Showing posts from December, 2014

New Year's wishes for Hastings - and 3rd Blogiversary


Hastings Battleaxe is three years old today, and shows no signs of flagging. 
     People ask me why I keep blogging. I guess because it is a writing discipline exercise and I enjoy it. Hopefully, others do too, as traffic continues to increase steadily, month after month. 
Philosopher says these posts are getting too long. Are they? What do you think?

     On this day in 2012 I blogged about New Year Resolutions for me, and some wishes for Hastings, so let's revisit them, and add new ones if necessary. Back then I was still a newcomer, so lets see if increasing familiarity with my new home town has made any difference.
      In 2012 I really wanted to make friends, and I am happy to say this has happened. When I was ill a few weeks ago I was reflecting on this, because they were there for me. The WI has played a big part, but other things too.
      Clearly, new friends can never replace Brummies we have known for 30+ years, but it is heart-…

Hastings Battleaxe celebrates - Christmas cards

Let's hope everyone has a happy and peaceful Christmas! This post is a bit late.  We have been very busy, up in Birmingham the last few days, seeing family and friends.
    I have just finished sticking our Christmas cards up in the hall. Battleaxe does enjoy getting them, particularly from people we don't often see. It is a link, however tenuous. I am not so keen on writing them - I do around 60.  It is fine when you can just sign the things, but different when you feel the need to put news as well.  I try and tailor the news to the recipient, and it takes ages.
I read that the incidence of traditional posted cards is declining with the growth of social media, e-cards and, of course, high postage costs. This is leading to massive loss of revenue for charities. Why can't the Royal Mail have a reduced rate for Christmas cards?  Am I dreaming it or did there used to be a cheaper rate for cards that were unsealed?
    However, hand-made, hand-crafted cards are becoming incre…

Gray's Emporium Tearoom, St Leonard's, and some pre-Christmas browsing.

Well, am out and about again, browsing round St Leonard's, the town centre, and the Old Town. Pity I missed both the St Leonard's FrostFair and the Old Town Christmas shopping day.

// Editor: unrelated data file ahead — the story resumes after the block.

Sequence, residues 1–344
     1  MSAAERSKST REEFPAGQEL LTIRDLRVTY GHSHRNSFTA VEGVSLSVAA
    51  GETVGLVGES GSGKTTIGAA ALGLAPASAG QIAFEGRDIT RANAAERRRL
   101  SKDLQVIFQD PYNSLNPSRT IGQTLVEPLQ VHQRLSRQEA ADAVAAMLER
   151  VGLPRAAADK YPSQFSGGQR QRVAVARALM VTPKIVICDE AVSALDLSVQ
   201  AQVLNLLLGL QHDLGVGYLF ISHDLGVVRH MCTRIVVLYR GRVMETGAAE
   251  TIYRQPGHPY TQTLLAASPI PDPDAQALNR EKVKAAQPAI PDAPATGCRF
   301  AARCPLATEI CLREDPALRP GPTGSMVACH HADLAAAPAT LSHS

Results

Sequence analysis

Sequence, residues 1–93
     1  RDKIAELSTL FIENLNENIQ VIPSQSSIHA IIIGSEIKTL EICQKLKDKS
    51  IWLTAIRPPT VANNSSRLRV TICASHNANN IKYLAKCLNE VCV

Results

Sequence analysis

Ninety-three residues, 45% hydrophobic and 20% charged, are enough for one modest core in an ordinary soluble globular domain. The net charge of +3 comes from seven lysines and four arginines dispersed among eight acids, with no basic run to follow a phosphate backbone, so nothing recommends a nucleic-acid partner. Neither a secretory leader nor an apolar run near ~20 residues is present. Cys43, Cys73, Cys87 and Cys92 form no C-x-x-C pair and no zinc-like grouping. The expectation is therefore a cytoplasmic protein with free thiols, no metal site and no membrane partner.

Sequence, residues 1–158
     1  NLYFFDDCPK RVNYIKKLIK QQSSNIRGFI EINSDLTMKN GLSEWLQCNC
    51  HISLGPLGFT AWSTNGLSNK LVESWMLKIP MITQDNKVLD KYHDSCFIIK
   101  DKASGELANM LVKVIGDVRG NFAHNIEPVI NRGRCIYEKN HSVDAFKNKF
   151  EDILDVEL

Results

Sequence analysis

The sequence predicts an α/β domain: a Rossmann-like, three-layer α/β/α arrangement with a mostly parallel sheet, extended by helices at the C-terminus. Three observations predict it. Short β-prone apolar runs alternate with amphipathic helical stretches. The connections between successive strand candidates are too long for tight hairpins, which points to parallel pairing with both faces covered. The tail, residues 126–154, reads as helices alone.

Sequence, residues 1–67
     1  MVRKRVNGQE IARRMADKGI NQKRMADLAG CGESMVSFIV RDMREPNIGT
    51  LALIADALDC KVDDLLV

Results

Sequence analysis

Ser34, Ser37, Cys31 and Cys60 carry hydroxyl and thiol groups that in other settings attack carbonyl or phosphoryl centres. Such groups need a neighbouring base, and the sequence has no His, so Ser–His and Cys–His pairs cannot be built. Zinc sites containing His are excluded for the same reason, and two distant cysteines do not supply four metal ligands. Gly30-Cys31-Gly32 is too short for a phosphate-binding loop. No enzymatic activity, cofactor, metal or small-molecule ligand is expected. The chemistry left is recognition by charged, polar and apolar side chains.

It was an absolutely beautiful day on Saturday, and we went for a snoop round St Leonard's. The clouds rolled back to reveal crisp blue sky and a clear, hard winter light. Philosopher and I never tire of looking at the sea - it is never the same twice. Here is the view from the seafront car-park just as the clouds began to clear.
     Our first stop was at Gray's Emporium, a new cafe that has opened in the refurbished art nouveau shop in Kings Road. It is lovely to see this beautiful shop so sympathetically restored. Tea and coffee were both very good, and we even had a timer on our table to time the brew of the tea! Oh, and home-made soft amaretti cakes - delicious. Pleasant staff and good loo. Battleaxe would recommend this place, and I hope it does well. They also do nice looking lun…

Rye Harbour - nature, walks and lovely cakes!

I've never done a proper post about Rye Harbour. It is one of our favourite places - so open, with amazing views of skies and water. 
     Saturday was a sunny, crisp day - the nicest day since I emerged from the Conquest, so off we went. I felt a real need for emptiness and wide horizons.
     When we first moved to Hastings I very much wanted to visit Rye Harbour, because I loved the pony books set in the village, written by Monica Edwards, who spent her childhood there. The books combined all the curry combs, snaffles, pasterns and throat lashes a girl could wish for with rattling good adventures about smugglers, ghosts, wild times at sea, and even, as the characters grew older - boys.
       Monica Edwards' father was Vicar of Rye Harbour, renamed Westling in the books, and the locations are all very recognisable. The vicarage where she lived is now a B and B, the village stores are still there, but unfortunately there is now no ferry across the river.

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